99. Volume five actually contains 171 numbered consilia; the index to volume 5 lists 179.
100. Stampe, Zahlkraftrecht 24-33, printed five consilia from the Frankfurt 1585 edition and collated them with the Brescian edition. As his notes demonstrate, there are, in fact, many mistakes in the Brescian edition. Cf. Canning, Baldus de Ubaldis 13.
101. Except for slight differences in the numbering of consilia; parts 1 and 2 are the same; part 3: 450, part 4: 502.
102. (Hain *2230); See Veneziani, La tipografia 100. According to the colophon, Boninus did not participate in the printing of the last volume: 'Consiliorum quinta pars nuperrime elucubrata ac diligenti castigatione emendata cum ipso originali collatione habita per D. presbyterum Baptistam de Farfengo. Brixie impressa die xvii. men. Dec. Mccclxxxxi'. I have located the fifth volume in three libraries: Vienna, Nationalbibliothek (Signature: Ink. 11.B.5), Mantua, Bibl. com. and Padua, Bibl. univ.
103. Partes consiliorum primae-quintae (5 vols. Milan 1493) Hain *2328. This edition seems to be even more rare than the first two. There are complete copies in Munich (2 copies of part 1; a single copy of 2-5) and Vienna, Nationalbibliothek, signature Ink. 10.B.18, and incomplete copies in Namur, Sémin., Madrid, Bibl. nac.; parts 1 and 2 in Washington, D.C., The Library of Congress; parts 3-5 in Aberdeen, University Library; part one in Rome, Bibl. naz. and Cambrai, Bibl. mun.
104. Vincenzio Bini, Memorie istoriche della Perugina Università degli studi e dei suoi professori (Perugia 1816) 129, records a printing in Padua 1486. There is no evidence of its existence.
105. He wrote: 'Consilia infrascripta numero xxii. non sunt stampata in prima impressione consiliorum Baldi facta Brixie per Boninum de Boninis, sed solummodo ista fuerunt addita in secunda impressione facta per Angelum et Jacobum de Britannicis'.
106. (Hain *2328), vol. 1, unfoliated (see note 85 for details on copies).
107. 'Amanuenses libros' must mean manuscript, not printed, books. Robert Feenstra has suggested to me in a letter that 'triginta sex' could have the same meaning as the French 'trente-six', that is a 'great many'. Savelli may have had access to a collection of Baldus's consilia written for specific cases and confirmed with his seal. These might not have been bound together. Contemporary examples of such consilia are found today in many Italian libraries: e.g. Florence, Bibl. naz. Magliabecchi 173.
108. Colli, 'Il Cod. 351', 276-278, discusses the letter and the manuscripts of Savelli. He is doubtful that four manuscripts containing all the consilia ever existed. Colli believes that Pierto Antonio Castiglione probably was the moving force for the new edition. Vallone, 'La raccolta Barberini' 80 n.21, misread what I wrote and thinks that I believe the Vatican manuscripts were the copies made for Savelli.
109. Giuseppe Ermini, Storia della universita di Perugia I-II (Firenze 1971) 201.
110. Reported by Pompeo Pellini, Dell'historia di Perugia (Venice 1664; reprinted in Historiae urbium et regionum italiae rariores 15; Bologna 1968) 2.686.
111. Printed by Bini, Memorie istoriche 608-609.
112. Pellini, Historia 2.785-86. See also Ferdinand Gregorovius, Geschichte der Stadt Rom im Mittelalter vom V. bis zum XVI. Jahrhundert (München 1978) 3.127, 129, 150.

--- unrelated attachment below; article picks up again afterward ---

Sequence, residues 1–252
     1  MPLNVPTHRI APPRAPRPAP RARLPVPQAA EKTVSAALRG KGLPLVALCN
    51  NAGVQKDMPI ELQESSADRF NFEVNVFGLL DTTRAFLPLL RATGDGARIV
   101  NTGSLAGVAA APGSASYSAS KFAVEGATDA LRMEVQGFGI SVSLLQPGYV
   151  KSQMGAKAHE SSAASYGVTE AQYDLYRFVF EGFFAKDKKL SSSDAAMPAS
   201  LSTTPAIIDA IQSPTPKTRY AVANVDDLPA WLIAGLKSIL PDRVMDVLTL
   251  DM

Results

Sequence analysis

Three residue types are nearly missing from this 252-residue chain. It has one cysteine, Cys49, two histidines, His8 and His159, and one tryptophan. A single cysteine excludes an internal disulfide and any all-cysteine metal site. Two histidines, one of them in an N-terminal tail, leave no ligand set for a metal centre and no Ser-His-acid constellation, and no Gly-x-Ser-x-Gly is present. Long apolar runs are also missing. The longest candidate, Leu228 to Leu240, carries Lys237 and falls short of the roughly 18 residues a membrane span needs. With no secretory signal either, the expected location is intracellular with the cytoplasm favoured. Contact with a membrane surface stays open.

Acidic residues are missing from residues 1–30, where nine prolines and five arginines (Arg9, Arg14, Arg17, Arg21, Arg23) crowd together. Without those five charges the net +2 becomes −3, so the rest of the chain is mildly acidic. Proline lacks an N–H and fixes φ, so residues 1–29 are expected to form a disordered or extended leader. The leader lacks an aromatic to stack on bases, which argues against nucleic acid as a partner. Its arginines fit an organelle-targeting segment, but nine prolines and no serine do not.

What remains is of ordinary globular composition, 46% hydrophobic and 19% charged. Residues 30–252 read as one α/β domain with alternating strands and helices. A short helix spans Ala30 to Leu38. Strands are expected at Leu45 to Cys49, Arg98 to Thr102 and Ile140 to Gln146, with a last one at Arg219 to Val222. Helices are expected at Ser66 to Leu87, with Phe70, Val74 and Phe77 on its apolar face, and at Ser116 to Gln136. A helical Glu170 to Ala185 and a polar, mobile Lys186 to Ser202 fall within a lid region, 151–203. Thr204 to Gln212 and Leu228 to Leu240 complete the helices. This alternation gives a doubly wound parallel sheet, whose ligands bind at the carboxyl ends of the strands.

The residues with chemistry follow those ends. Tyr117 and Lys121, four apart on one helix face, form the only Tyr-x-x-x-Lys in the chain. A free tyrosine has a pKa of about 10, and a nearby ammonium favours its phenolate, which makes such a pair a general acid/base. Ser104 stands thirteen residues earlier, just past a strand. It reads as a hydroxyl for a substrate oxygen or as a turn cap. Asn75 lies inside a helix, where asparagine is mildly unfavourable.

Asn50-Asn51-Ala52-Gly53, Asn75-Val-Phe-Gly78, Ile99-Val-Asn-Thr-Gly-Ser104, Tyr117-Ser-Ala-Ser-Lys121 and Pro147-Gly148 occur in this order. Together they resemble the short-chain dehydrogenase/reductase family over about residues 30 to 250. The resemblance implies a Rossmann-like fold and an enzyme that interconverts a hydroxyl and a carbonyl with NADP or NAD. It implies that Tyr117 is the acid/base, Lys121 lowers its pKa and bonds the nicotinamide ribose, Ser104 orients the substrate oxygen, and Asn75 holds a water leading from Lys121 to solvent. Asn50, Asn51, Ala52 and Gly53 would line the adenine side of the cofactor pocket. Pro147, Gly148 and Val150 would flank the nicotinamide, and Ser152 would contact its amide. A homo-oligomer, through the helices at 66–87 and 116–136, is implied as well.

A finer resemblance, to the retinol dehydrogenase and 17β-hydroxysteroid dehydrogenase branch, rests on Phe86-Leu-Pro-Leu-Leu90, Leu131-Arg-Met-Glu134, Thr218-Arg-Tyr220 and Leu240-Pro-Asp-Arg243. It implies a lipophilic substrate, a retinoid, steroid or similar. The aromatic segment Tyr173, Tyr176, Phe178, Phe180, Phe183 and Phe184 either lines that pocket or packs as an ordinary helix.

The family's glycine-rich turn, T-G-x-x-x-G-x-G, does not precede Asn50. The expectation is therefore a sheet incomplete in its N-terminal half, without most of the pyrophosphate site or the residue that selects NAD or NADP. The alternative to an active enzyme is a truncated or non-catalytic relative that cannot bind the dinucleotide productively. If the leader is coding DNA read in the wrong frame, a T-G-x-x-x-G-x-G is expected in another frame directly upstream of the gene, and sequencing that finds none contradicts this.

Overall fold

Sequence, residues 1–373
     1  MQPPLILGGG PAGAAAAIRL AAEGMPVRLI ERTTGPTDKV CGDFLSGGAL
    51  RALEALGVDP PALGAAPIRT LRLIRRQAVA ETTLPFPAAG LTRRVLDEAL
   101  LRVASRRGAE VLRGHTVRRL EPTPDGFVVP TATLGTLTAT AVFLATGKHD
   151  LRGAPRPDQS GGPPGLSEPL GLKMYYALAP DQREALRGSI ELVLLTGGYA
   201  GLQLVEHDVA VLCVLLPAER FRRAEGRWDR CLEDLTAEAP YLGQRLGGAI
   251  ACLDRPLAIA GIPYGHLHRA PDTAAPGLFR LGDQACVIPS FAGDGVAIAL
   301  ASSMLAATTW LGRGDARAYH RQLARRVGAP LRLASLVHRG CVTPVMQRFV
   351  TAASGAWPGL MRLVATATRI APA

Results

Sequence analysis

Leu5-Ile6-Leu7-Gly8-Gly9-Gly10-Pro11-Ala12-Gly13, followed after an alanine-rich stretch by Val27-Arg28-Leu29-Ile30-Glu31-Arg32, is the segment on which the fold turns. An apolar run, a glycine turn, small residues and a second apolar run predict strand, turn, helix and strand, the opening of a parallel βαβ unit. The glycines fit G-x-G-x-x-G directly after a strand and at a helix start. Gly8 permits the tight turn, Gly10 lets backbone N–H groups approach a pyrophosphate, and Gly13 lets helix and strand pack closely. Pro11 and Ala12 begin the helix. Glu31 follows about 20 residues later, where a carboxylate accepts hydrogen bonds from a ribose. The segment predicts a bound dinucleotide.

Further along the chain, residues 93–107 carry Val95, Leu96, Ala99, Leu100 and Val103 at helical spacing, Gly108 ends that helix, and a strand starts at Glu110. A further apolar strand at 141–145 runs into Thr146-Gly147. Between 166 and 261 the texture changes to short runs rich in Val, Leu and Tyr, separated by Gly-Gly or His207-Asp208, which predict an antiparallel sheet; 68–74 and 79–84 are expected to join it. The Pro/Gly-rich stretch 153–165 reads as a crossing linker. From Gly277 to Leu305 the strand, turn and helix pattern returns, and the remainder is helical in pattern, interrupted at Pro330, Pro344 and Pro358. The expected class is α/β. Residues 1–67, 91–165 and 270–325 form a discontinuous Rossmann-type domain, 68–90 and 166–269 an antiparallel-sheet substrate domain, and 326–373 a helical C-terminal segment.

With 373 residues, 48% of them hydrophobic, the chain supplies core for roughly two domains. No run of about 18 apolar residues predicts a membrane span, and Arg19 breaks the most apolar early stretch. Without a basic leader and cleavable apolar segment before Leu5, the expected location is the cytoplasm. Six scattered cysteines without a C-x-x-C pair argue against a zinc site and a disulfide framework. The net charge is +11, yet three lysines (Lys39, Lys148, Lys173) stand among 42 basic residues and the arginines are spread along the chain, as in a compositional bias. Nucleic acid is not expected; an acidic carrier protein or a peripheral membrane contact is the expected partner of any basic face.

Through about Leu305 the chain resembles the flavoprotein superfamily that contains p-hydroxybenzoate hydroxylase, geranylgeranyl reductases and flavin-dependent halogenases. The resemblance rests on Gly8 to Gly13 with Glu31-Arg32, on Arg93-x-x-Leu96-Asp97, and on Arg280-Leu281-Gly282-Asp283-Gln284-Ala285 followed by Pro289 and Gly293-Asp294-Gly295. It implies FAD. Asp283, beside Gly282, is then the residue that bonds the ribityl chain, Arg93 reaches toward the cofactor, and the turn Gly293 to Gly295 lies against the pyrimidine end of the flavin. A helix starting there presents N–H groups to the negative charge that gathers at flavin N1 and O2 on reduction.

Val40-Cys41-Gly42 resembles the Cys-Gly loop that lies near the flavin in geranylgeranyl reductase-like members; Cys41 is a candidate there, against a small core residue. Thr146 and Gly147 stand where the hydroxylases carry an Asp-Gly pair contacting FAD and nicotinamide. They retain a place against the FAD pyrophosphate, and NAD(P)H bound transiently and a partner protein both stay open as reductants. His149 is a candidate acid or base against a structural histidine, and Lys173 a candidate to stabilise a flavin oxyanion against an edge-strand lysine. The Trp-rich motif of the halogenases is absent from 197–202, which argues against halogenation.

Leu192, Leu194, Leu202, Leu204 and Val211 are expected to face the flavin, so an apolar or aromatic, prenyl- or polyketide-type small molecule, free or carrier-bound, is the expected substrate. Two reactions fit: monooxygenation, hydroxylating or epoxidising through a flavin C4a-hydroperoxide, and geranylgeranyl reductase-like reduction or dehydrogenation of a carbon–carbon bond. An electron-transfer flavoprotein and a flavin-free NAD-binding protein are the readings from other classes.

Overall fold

113. Colli, 'Il Cod. 315', 262-275, discusses the relationship of the Lucca manuscript and the Milanese edition.
114. Colli, 'Il Cod. 351', 256, has counted the consilia as a part of his project to list the incipits; I take the numbers from him.
115. An edition printed in Lyon 1559, under the editorship of Matthaeus Antonianus published a consilium at the end of book 4. He noted: 'Hoc responsum numquam antea editum a me vero ex sterquilinio nostri Marchi desepultum'. The consilium begins: 'Ad evidentiam premittendum est cum queritur an ille qui intulit alicui aliquod vulnus'. For information about the Liber Sextus of Baldus' consilia see Popes, Canonists, and Texts XX p.10.
116. Until Il Cigno undertook the reprinting of Baldus' works, the most commonly available edition of Baldus's consilia was Venice, 1575-1576, reprinted by Bottega d'Erasmo (Torino 1970).
117. A. Campitelli and F. Liotta, 'Notizia del Ms. Vat. lat. 8069', Annali di storia del diritto 5-6 (1961-62) 387-406 at p. 391 n. 24 examined the editions of Venice 1526, Milan 1543, Lyon 1548, Venice 1575, Venice 1580, Frankfurt 1589, Venice 1608. I have also seen Trino 1516, Lyon 1540, Lyon 1559. I have not been able to find any trace of an edition printed in Pavia 1499 recorded by Bini and Mazzuchelli and mentioned by Campitelli and Liotta. This may be a volume of Angelus de Ubaldis' consilia published in Pavia 1499 (Hain *15866).
118. In his life of Baldus, De claris iuris consultis, ed. F Schulz, H. Kantorowicz, G. Rabotti (Studia Gratiana, 10; Bologna 1968) 302: 'Et vide de Baldo in consiliis Baldi in consilio 287 incipit "Comes Bellimontis" in 3. volumine in fine <= Brescia-Venice 3.289, Milan 1.337>'. Also in his life of Hostiensis, p. 143: Brescia-Venice 2.166 = Milan 4.500. Cf. Canning, Baldus de Ubaldis 13 and Colli, 'Il Cod. 351', 282 n. 47.
119. Colli, 'Il Cod. 351' 277-278.
120. Volumen sextum consiliorum sive responsorum (Venice 1602).
121. I have listed, with the help of Domenico Maffei and Filippo Liotta, four copies of the book in Pennington, 'Baldus de Ubaldis' Appendix II, p. 10 (Aldershot 1993).
122. Pennington, loc. cit. Vallone, 'La raccolta Barberini' 102.
123. Pennington, 'Baldus de Ubaldis' Appendix I, p. 9. Vallone, 'La raccolta Barberini' pp. 130-135, lists 84 unedited consilia from the Barberini manuscripts; when Colli has completed his Incipitario we will know exactly how many of his consilia have never been printed.